As to the suggestion of double taxation, the answer is plain. The wants of the Union are to be supplied in one way or another; if to be done by the authority of the federal government, it will not be to be done by that of the State government. The quantity of taxes to be paid by the community must be the same in either case; with this advantage, if the provision is to be made by the Union that the capital resource of commercial imposts, which is the most convenient branch of revenue, can be prudently improved to a much greater extent under federal than under State regulation, and of course will render it less necessary to recur to more inconvenient methods; and with this further advantage, that as far as there may be any real difficulty in the exercise of the power of internal taxation, it will impose a disposition to greater care in the choice and arrangement of the means; and must naturally tend to make it a fixed point of policy in the national administration to go as far as may be practicable in making the luxury of the rich tributary to the public treasury, in order to diminish the necessity of those impositions which might create dissatisfaction in the poorer and most numerous classes of the society. Happy it is when the interest which the government has in the preservation of its own power, coincides with a proper distribution of the public burdens, and tends to guard the least wealthy part of the community from oppression!

As to poll taxes, I, without scruple, confess my disapprobation of them; and though they have prevailed from an early period in those States [1] which have uniformly been the most tenacious of their rights, I should lament to see them introduced into practice under the national government. But does it follow because there is a power to lay them that they will actually be laid? Every State in the Union has power to impose taxes of this kind; and yet in several of them they are unknown in practice. Are the State governments to be stigmatized as tyrannies, because they possess this power? If they are not, with what propriety can the like power justify such a charge against the national government, or even be urged as an obstacle to its adoption? As little friendly as I am to the species of imposition, I still feel a thorough conviction that the power of having recourse to it ought to exist in the federal government. There are certain emergencies of nations, in which expedients, that in the ordinary state of things ought to be forborne, become essential to the public weal. And the government, from the possibility of such emergencies, ought ever to have the option of making use of them. The real scarcity of objects in this country, which may be considered as productive sources of revenue, is a reason peculiar to itself, for not abridging the discretion of the national councils in this respect. There may exist certain critical and tempestuous conjunctures of the State, in which a poll tax may become an inestimable resource. And as I know nothing to exempt this portion of the globe from the common calamities that have befallen other parts of it, I acknowledge my aversion to every project that is calculated to disarm the government of a single weapon, which in any possible contingency might be usefully employed for the general defense and security.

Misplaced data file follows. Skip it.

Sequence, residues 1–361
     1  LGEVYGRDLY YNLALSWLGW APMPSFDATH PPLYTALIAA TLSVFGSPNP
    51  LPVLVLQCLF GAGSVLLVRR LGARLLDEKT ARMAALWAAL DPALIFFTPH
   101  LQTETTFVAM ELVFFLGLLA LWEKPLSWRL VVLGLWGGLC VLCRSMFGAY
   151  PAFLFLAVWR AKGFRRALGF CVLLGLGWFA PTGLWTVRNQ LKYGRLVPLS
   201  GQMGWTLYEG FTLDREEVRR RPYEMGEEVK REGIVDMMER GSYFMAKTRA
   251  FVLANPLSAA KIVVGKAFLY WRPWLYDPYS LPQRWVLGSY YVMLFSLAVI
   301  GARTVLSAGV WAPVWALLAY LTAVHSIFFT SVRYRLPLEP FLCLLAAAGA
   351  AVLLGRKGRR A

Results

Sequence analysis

I have now gone through the examination of such of the powers proposed to be vested in the United States, which may be considered as having an immediate relation to the energy of the government; and have endeavored to answer the principal objections which have been made to them. I have passed over in silence those minor authorities, which are either too inconsiderable to have been thought worthy of the hostilities of the opponents of the Constitution, or of too manifest propriety to admit of controversy. The mass of judiciary power, however, might have claimed an investigation under this head, had it not been for the consideration that its organization and its extent may be more advantageously considered in connection. This has determined me to refer it to the branch of our inquiries upon which we shall next enter.